Tuesday, October 17, 2006, 12:00 AM
TWO EMERGENCY Medical Service lieutenants who charged they were passed over for promotions because of their race settled their lawsuit against the FDNY yesterday – and will get to sit down with a top fire official to urge reform. Frank Andino, 49, and Sylvia Good, 51, will have the unusual meeting with Chief of Department Salvatore Cassano within 30 days. They plan to push for all high-level EMS promotions to be done by a color-blind written test – and not by interview. “They can promote who they want, and they do it along racial lines,” said Andino, who is Latino and joined the EMS in 1980. “They don’t want people of color at that rank.

” Andino and Good filed the federal suit last year seeking promotions to captain, claiming the FDNY was keeping minority-group members out of its highest levels. “Every year I’d wait for the system to change and it never did, so we decided to take action,” said Good, who is black and has been with the EMS since 1987. “People who were less qualified but white were getting the promotions that others deserved.

” All promotions in the fire-suppression side of the Fire Department are determined by a written exam, as are all EMS promotions in the ranks below captain, officials said. But, since the EMS was merged with the FDNY in 1996, EMS promotions to captain and above are determined by an evaluation and an interview. Currently, 96 of the 346 EMS lieutenants are minorities, about 27%, according to FDNY statistics. And 13 of the 71 EMS captains are minorities, about 18%. Top FDNY spokesman Frank Gribbon said only, “The terms [of the settlement] were specific to the issues in the case.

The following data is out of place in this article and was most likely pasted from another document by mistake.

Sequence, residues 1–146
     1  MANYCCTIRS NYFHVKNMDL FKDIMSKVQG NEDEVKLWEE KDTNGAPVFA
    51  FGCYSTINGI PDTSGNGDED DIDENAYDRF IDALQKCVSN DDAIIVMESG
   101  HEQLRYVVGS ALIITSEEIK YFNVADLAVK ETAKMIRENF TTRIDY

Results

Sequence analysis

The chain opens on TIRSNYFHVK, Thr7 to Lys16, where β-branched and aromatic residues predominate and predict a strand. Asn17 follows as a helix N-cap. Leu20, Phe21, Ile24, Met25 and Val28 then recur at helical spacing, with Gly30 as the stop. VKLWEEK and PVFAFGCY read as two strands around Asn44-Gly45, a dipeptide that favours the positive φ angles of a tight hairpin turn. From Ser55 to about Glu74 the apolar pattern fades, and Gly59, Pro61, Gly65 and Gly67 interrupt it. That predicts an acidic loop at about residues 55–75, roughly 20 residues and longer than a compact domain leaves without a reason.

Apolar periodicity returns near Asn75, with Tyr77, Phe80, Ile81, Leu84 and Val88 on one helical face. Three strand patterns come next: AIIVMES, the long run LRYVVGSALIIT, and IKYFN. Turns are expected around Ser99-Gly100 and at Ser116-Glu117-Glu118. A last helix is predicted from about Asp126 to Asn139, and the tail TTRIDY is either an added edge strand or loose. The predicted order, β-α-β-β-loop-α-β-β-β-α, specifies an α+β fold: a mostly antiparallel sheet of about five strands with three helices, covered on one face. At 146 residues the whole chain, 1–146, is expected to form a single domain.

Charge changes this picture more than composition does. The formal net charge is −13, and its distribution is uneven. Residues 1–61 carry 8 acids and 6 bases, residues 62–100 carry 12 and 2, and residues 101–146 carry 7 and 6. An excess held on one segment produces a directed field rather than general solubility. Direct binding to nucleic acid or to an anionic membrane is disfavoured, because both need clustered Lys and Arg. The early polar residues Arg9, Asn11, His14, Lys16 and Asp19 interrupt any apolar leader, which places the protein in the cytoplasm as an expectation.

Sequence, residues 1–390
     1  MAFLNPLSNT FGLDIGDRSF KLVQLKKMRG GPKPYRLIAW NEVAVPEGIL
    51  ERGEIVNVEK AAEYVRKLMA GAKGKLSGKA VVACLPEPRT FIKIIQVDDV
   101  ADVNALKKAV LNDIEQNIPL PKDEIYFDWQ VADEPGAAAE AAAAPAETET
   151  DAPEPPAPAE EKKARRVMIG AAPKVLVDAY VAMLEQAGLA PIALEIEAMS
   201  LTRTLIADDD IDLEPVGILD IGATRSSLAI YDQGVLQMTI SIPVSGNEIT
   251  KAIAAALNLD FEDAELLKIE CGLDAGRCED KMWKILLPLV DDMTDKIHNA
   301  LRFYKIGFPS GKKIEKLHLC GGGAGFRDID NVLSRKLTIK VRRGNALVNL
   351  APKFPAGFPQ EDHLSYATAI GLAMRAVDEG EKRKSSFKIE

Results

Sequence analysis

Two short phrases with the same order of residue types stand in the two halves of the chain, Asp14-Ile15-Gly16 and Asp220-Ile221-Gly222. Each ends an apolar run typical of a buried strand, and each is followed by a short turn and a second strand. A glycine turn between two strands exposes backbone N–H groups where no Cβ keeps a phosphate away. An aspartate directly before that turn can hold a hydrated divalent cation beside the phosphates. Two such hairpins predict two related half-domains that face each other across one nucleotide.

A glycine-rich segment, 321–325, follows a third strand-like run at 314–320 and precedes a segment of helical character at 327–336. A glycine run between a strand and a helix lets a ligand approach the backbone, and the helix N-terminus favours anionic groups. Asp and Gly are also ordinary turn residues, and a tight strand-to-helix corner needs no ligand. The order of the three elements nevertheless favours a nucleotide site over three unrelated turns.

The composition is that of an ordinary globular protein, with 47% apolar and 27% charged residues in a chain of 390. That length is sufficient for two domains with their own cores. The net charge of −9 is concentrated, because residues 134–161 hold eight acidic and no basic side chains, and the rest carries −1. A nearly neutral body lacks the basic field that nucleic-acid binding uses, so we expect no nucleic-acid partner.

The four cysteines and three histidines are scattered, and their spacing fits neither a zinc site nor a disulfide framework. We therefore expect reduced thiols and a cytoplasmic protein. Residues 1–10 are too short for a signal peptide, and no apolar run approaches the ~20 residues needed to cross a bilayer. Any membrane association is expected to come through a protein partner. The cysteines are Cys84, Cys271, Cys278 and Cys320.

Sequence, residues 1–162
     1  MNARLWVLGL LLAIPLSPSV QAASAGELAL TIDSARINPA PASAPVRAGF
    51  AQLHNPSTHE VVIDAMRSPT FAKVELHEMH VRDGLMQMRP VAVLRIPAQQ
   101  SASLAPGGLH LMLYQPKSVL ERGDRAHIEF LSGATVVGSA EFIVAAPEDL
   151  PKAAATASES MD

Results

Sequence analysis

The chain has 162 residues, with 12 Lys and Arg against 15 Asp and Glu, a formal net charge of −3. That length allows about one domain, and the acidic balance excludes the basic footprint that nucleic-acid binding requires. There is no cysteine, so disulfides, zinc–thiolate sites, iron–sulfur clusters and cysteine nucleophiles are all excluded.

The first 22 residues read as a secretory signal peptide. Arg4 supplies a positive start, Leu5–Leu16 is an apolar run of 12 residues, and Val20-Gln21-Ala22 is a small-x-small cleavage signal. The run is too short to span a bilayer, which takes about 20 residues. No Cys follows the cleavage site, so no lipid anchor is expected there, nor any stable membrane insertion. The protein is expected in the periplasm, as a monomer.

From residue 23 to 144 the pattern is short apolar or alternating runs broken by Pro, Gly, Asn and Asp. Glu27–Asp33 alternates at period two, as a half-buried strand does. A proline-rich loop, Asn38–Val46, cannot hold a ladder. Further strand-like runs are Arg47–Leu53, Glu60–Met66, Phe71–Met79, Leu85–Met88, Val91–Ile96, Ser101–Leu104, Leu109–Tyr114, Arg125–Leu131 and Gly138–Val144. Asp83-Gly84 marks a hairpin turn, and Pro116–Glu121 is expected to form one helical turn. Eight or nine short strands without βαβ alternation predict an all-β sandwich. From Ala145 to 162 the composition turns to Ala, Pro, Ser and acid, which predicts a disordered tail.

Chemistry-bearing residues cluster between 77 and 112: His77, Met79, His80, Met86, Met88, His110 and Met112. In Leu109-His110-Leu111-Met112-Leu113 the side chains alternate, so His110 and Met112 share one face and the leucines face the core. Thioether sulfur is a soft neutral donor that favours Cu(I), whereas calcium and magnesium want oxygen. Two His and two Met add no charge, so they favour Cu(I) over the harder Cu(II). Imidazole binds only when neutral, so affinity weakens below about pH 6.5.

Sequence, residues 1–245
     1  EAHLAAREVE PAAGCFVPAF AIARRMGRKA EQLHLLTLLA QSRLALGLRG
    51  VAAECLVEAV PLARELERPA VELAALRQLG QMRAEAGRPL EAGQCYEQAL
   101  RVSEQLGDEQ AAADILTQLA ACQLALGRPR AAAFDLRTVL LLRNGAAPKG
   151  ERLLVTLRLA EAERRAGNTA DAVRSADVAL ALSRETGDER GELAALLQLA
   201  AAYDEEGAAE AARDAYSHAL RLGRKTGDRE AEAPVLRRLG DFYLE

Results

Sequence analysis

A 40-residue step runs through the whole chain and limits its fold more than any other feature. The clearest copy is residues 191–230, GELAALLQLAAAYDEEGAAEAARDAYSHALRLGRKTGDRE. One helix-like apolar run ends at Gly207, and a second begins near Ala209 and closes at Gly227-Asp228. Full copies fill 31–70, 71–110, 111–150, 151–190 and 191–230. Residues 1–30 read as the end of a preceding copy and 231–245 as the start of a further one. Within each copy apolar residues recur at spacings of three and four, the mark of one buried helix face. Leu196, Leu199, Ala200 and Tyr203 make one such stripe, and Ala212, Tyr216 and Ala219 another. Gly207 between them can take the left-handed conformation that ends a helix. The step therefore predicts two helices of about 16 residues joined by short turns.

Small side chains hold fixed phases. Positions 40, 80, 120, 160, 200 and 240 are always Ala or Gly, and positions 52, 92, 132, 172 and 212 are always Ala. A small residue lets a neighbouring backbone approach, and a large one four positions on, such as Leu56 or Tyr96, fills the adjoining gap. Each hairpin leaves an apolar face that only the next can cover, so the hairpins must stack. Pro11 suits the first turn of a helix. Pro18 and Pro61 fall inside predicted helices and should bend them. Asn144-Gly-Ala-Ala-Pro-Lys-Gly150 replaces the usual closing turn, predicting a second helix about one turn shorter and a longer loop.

” Both Andino and Good each were awarded $50,000 in the settlement, said their lawyer Colleen Meenan. Andino was also offered a promotion to captain, although Good did not receive a higher rank. An FDNY source said that promotion procedures are constantly under review, but pointed out that while Andino consistently scored an “Outstanding” on his reviews, Good did not qualify for a promotion. “My own fate doesn’t matter,” said Good. “We’re really trying to do this for EMS officers of color who are coming after us.


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